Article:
Robin Hills (Director, Ei4Change) has been asked to contribute a series of bite-sized, inspirational soundbites for Bolton FM.
Featured every day for a week as The Thought that Counts, these were broadcast on the Breakfast Show and on the Lunchtime Show.
This podcast explores the skills and qualities of resilience:
Tags: emotional intelligenceresilience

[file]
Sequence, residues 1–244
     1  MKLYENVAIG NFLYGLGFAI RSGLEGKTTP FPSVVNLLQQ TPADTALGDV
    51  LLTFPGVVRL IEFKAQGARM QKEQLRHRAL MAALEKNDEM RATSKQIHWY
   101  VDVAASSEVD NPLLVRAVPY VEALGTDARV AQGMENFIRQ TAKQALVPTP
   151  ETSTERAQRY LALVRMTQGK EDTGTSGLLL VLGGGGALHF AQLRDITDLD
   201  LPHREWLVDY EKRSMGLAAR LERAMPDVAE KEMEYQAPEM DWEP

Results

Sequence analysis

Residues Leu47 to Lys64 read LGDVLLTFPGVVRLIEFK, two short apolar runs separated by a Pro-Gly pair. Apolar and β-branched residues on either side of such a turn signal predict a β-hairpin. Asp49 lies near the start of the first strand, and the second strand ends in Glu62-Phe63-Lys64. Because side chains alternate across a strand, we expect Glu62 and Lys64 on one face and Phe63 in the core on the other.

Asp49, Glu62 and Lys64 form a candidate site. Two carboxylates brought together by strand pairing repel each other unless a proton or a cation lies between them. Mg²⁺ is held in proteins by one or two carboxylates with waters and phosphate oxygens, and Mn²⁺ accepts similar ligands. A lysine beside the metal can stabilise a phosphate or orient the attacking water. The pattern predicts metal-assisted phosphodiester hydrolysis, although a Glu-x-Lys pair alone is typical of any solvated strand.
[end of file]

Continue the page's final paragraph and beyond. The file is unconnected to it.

I often contribute to my local radio station's "The Thought That Counts" slot, which is broadcast on the breakfast show and the lunchtime show over a period of a week. Each broadcast lasts about 90 seconds. My contributions are all based around some aspect of emotional intelligence. During the pandemic, I've concentrated on aspects of resilience and delivered these without reference to the situation, allowing people to interpret them in whatever way suits them. I've put my contributions together as hints and tips in this podcast. On this occasion, my reflections cover the skills and qualities of resilience, covering Drive and Determination, Feeling in Control, Flexibility, Motivation and Stress Tolerance. I hope that you enjoy the podcast and these The Thought That Counts. The Thought That Counts. Migrating animals have an internal compass that drives them to make journeys of many thousands of miles across unfamiliar terrains to breed, for food, or to live in more favourable environments. Migration takes place in groups with a sociability factor. Sociability cab be a great driver supporting motivation as everyone wants to work together towards the same goal. This ensures that the group works towards the ultimate goal successfully. When considering new drive and determination; Where does your drive come from? What motivates you? How much do you rely on others to support you and drive you towards the goal? How dependent are you on others to keep you motivated? What aspects of your motivation can a group benefit from? How much are you concerned about harmony and keeping the group together? How do you view conflict in the group? How does this affect you and your feelings of security? Real motivation is a drive that comes from within. You know where you're going because you have a compelling image inside, not a travel poster on the wall. If you want to go fast, go alone. If you want to go far, go together. The Thought That Counts. S ailing a small yacht means knowing the capabilities of the craft and utilising all the available resources to sail skillfully across the sea. Being in control means the yacht can be manoeuvred quickly and easily. Clever harnessing of resources allows for the yacht to be sailed by adapting to subtle changes in the use of the sailor's body, the boat and the elements. The direction of the sail can be changed frequently according to the speed and direction of the wind. Changing the direction of a large vessel such as an oil tanker is not as easy as it takes a lot of time and a lot of energy. In order to feel in control; How do you identify the skills and resources that you need? How can you harness all the necessary resources? How do you practice and develop your skills? How confident are you in your ability to meet any challenge? What do you need to develop further to meet these challenges? What does it take to get you immersed in an activity and to feel in control? How does it feel to be in control and maintain this? How do you adapt to circumstances as they change? How does this impact upon you? What needs to happen for you to regain control? When you can't control what's happening, challenge yourself to control the way that you respond to what's happening. That's where your power is. The Thought That Counts. Being flexible means being able to change or be changed easily according to the situation. Some people can find it very difficult to cope with change. They deny any change is happening and hope that things will remain the same or go back to how they were. In changing circumstances and under pressure, ostriches bury their head in the sand. A tree can withstand the elements and changes in the weather. It has the flexibility to bend in high winds to flourish in changing circumstances. How flexible are you? How do you cope with severe change? How important to you is the degree of stability and consistency? What is your attitude to circumstances that change beyond your control? How much do you resist change and pretend it's not happening? How involved are you in driving change and making it happen? How do you support others who deny or resist change? What needs to happen to build your confidence and build the confidence in others around change? How to others view your flexibility? Is your flexibility a skill or is your flexibility a liability? Flexibility is the key to stability. Blessed are the flexible for they will not be bent out of shape. The Thought That Counts. Have you ever watched wheelchair rugby? The players have overcome major adversity and doing something that's fun, competitive and that they enjoy. They faced life-challenging physical events and have taken up new challenges to ensure that they still enjoy life and the contributions that they can make. Despite major setbacks, there's a determination not to let these setbacks get in the way of ambition. Whatever life throws at them, these people will carry on enjoying the challenge of life with optimism and a positive outlook. In working with determination. What is your reaction to facing adversity? How do you react to major life changing events? What's your reaction to situations that may seem insurmountable? How do you develop your ambition and determination? What do you do to acquire new skills, to take on new challenges? How much are you prepared to change your life completely? How much is your determination within yourself to do better or beat the competition? How collaborative are you in your determination to succeed? How do others view your determination and persistence? Success in life comes when you simply refuse to give up, with goals so strong that obstacles, failures and loss only act as motivation. The Thought That Counts. Tolerating a certain amount of stress is a normal part of everyday life and presents a challenge that everyone has to cope with, particularly at work. There should be sufficient challenge for people to feel stretched in order to develop and balanced so that they can cope. Stress levels are going to vary from individual to individual. Too much stress leads to health issues and burnout, whilst too little leads to frustration and boredom. When considering your stress tolerance; How do you view stress? How do you manage your stress? How do you build tolerance in stressful situations? What can you do to prevent situations from becoming too stressful? How do you go about prioritising things? What do you do to reduce stress? How much stress challenges you and stretches you? How do you feel when you're outside of your comfort zone? How aware are others of your level of stress? What impact does your stress have on them? What do you do to relax? What makes you calm and contented? Be careful what you tolerate, you teaching people how to treat you. It's not the load that breaks you, it's the way you carry it. I'm Robin Hills from EI4Change. Empowering your emotional management. The Thought That Counts.